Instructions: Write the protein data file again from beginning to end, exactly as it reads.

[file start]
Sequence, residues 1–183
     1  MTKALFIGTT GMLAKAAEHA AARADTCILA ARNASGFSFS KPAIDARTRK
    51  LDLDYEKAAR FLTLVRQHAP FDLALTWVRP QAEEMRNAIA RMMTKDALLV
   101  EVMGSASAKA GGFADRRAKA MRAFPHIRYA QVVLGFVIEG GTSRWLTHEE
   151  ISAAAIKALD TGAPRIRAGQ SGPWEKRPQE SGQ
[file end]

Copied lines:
Sequence, residues 1–183
     1  MTKALFIGTT GMLAKAAEHA AARADTCILA ARNASGFSFS KPAIDARTRK
    51  LDLDYEKAAR FLTLVRQHAP FDLALTWVRP QAEEMRNAIA RMMTKDALLV
   101  EVMGSASAKA GGFADRRAKA MRAFPHIRYA QVVLGFVIEG GTSRWLTHEE
   151  ISAAAIKALD TGAPRIRAGQ SGPWEKRPQE SGQ